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Why Large Numbers Of Fruit Flies Appear In Homes

    Why Large Numbers Of Fruit Flies Appear In Homes

    Pollenia rudis, or the cluster fly, as it is more commonly known, is one of the most common indoor fly pest species in upstate New York. Like many other winged insect pest species, cluster flies invade homes in large numbers during the fall in order to overwinter in warm conditions. These flies can be a major nuisance during the fall, but they often reemerge from their indoor hiding places come spring before making an effort to escape into the natural environment. Cluster flies are also known for emerging in homes during the winter season in response to unseasonably warm weather. When this occurs, the flies gather around windows in a fruitless effort to get back outside. Unfortunately, cluster flies are not the only fly pests that invade homes for the purpose of overwintering, as fruit flies and face flies are also common overwintering pests in upstate New York.

    Most face flies and fruit flies die off during the winter season, but a small few manage to secure harborages within well concealed indoor areas for the duration of the winter season. These flies access the interior spaces within homes by flying through attic vents, crawl spaces, damaged window screens, the gaps around doorways, and through small crevices and other entry points on the exterior walls of homes. Fruit flies often gain access into homes by hitchhiking on store-bought fruit and they can reproduce in homes by laying eggs on rotting food sources within garbage bins, as well as food sources that have collected beneath appliances. Face flies lay eggs on manure, and homes located near farms and stables are particularly vulnerable to face fly infestations. Both fruit flies and face flies spread a variety of disease-causing microorganisms on human food and indoor surfaces. Face flies are particularly dangerous in this regard due to their habit of landing on mucous membranes in the eyes, mouth and nose where they feed on tears and other secretions. Face flies also land on open wounds in order to sop up blood, making disease transmission dangerously probable. Installing door sweeps, maintaining window screens, and sealing exterior entry points will help to prevent face flies and fruit flies from invading homes.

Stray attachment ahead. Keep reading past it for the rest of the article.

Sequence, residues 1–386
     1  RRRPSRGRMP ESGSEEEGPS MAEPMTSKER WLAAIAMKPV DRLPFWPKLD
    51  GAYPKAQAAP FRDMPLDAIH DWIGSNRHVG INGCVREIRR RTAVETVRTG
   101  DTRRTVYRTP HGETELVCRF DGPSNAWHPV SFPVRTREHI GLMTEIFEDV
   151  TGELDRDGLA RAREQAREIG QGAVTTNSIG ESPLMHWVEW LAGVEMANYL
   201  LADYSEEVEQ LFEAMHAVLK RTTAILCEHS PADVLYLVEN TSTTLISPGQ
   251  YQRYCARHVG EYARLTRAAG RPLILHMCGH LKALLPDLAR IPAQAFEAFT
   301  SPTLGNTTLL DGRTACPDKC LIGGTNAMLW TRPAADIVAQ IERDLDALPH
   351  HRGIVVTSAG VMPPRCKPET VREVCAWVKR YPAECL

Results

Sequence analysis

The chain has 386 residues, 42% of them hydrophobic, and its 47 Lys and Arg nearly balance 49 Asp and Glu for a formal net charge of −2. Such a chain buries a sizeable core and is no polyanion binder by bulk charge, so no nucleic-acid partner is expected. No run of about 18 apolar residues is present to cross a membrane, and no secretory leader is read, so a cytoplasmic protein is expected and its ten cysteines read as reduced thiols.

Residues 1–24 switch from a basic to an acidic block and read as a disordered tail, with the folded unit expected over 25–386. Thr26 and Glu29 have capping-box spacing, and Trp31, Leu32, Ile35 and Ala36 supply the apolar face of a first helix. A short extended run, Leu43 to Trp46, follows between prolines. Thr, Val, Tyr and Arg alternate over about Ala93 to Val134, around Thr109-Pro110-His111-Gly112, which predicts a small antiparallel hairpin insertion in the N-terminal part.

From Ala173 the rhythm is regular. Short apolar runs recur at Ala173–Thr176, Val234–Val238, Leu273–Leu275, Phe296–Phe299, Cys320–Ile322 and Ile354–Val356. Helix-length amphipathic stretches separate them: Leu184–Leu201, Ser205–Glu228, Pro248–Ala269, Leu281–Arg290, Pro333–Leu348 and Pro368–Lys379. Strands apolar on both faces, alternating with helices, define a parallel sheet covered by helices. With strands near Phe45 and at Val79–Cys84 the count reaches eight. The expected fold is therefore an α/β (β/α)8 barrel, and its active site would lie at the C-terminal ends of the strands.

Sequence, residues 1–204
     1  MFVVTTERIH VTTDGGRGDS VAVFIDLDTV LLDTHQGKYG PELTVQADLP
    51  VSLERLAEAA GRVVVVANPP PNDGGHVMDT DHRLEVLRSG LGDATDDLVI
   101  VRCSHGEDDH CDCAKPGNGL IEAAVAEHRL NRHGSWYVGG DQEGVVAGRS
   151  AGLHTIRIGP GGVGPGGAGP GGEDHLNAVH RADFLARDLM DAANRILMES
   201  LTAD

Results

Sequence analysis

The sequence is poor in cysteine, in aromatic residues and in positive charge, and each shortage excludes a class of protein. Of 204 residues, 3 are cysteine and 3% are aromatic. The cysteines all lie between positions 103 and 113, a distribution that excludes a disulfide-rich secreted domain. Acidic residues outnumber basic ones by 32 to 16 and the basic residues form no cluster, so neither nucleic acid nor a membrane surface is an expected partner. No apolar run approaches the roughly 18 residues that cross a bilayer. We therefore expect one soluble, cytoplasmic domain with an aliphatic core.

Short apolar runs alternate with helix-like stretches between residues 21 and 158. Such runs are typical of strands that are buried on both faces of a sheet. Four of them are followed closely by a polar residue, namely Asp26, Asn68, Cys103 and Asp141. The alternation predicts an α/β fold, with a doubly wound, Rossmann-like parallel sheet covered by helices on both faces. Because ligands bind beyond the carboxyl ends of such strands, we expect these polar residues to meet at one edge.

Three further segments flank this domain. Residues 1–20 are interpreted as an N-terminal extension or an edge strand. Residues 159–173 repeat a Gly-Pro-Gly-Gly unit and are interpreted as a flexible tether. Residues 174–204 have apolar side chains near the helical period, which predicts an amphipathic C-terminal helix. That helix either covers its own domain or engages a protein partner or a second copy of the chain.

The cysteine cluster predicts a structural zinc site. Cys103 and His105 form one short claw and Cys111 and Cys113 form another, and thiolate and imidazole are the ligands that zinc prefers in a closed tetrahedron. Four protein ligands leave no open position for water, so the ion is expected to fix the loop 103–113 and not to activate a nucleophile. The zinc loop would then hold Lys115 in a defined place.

Have you ever been pestered by flies that repeatedly flew into your face?

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